ARLINGTON This week after months of debate heavy equipment moved in along Arlington's stretch of Rush Creek.

City contractors will tear down more than 50 homes and a condominium complex in a $25 million bond program to get homeowners to move out of the flood plain.

The city will redevelop the vacant lots into park land, while making sure new homes aren't built near other potential flood areas.

Nine months ago, floodwaters inundated Arlington. Tropical Storm Hermine dumped near-record rainfall, putting homes and condos along Rush Creek underwater.

Fred Covy watched the flood waters came within a foot of his elevated foundation. There were pickups the size of that one coming down and ended up on the side of my shed, he said.

The tropical storm spared his house, but cost him his neighbors.

It does bother me losing my neighbor, Covy said. He's been here since 1970, and such a nice person. I don't think I could ever have a neighbor that nice.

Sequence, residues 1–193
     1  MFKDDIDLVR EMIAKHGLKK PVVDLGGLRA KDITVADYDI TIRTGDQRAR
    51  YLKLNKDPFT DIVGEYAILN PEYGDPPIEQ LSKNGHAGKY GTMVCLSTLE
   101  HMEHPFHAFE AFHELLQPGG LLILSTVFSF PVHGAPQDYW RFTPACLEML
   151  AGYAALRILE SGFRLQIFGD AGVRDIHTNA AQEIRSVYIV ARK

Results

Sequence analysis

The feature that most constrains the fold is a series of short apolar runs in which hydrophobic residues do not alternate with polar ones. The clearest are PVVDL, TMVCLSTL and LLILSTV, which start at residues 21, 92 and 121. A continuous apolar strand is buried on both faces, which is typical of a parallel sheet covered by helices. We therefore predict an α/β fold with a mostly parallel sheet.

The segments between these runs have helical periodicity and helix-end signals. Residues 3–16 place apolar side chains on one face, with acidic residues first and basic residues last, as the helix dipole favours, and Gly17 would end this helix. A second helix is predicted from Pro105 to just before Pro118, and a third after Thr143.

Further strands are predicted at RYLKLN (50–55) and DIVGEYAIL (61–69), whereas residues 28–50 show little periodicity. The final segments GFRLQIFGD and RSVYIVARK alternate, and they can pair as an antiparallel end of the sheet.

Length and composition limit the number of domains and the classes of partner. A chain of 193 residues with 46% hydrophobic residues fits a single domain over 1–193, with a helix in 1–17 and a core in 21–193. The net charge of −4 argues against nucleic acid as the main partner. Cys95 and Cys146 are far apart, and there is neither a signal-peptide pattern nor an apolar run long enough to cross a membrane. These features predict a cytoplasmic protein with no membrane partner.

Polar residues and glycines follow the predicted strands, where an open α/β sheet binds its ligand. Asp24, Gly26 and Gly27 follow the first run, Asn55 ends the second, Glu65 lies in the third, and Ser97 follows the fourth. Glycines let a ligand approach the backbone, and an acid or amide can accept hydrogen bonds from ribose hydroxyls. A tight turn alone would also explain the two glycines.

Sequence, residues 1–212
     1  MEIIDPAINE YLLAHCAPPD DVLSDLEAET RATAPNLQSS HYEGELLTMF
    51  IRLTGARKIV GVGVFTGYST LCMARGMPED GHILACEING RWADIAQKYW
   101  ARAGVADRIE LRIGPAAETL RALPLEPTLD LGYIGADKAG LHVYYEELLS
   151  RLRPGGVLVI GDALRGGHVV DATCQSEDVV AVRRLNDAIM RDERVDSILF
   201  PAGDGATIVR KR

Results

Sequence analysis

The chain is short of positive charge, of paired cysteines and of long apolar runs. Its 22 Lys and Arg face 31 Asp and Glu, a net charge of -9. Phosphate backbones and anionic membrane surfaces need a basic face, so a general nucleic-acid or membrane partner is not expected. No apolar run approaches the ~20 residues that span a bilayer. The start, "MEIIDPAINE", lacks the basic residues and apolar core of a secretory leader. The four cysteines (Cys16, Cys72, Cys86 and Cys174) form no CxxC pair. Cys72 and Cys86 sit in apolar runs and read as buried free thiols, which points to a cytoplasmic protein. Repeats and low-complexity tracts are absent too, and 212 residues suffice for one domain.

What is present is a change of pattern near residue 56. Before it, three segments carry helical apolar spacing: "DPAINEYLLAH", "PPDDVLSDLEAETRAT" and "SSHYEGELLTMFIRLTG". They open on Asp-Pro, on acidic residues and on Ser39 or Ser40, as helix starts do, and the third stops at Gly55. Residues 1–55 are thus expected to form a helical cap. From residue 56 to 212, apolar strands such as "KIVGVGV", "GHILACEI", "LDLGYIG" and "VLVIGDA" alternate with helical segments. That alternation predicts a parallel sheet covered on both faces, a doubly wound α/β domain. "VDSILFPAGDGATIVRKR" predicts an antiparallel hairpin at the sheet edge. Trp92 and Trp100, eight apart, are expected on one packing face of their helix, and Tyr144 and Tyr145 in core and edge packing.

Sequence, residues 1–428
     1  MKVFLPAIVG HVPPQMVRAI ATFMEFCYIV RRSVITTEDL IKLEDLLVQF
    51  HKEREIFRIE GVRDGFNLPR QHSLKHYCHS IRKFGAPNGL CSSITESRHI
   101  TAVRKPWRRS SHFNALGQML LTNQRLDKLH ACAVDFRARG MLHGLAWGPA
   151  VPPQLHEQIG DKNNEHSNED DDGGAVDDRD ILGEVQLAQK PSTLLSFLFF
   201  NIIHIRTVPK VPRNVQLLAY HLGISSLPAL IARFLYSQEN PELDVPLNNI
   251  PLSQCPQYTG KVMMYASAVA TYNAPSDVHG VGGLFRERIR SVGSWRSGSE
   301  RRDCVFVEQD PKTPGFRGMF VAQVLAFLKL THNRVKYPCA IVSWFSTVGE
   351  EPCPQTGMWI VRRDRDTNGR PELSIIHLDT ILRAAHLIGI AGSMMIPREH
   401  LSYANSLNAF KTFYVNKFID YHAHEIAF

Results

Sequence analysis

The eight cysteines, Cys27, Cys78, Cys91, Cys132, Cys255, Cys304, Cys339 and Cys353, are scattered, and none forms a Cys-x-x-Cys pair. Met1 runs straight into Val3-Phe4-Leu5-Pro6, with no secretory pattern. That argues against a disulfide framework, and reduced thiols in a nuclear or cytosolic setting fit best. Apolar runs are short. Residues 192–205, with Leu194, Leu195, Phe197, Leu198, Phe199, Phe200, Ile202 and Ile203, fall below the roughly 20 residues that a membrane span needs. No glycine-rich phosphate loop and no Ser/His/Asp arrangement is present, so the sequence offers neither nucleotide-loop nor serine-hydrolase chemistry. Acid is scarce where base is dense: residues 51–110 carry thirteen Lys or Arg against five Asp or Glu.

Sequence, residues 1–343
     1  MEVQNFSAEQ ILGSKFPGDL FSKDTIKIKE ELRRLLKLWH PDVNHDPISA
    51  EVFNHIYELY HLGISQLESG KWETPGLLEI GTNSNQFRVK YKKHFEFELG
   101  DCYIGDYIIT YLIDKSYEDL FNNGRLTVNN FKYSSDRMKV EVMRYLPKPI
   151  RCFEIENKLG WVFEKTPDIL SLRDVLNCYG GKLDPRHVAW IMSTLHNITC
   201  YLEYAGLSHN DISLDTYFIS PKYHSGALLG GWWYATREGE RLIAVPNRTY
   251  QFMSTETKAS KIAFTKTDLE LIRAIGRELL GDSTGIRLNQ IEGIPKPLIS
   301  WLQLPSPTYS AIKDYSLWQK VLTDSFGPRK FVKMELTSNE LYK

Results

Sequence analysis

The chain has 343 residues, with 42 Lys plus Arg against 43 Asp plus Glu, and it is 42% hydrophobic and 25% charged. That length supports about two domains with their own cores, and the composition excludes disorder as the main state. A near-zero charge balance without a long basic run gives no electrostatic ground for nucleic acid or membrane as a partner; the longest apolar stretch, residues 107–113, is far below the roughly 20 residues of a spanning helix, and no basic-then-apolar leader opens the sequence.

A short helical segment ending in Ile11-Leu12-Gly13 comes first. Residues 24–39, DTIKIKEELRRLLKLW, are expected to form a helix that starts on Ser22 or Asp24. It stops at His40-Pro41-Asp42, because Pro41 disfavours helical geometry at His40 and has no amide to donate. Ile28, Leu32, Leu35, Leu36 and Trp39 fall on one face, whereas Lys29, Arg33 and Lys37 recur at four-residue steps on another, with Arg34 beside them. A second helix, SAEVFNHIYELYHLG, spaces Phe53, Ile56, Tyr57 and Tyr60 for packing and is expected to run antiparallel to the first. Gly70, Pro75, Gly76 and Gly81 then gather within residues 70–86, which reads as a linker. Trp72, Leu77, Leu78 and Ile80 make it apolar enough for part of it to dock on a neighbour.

Just behind his back fence, heavy equipment started tearing down the houses of people who accepted the city's buyout offer.

It sounds likes a good deal for the homeowners, but Ron Venerable says no one is getting rich. Everybody lost on this... everybody, he said.

Venerable lived in a condo at Willows at Shady Valley when Rush Creek came out of its banks. He said he got a take it or leave it offer to move out, but it wasn't enough to recoup his losses or pay for his relocation.

We have a beautiful neighborhood that's gone now, and a lot of people took a massive loss, Venerable said. I feel like no one was truly in our corner.

The city told News 8 everyone got a fair offer, and only four properties haven't settled.

Engineers are confident that anyone who stays behind might wish they had left with their neighbors when the next flood rolls through Rush Creek.


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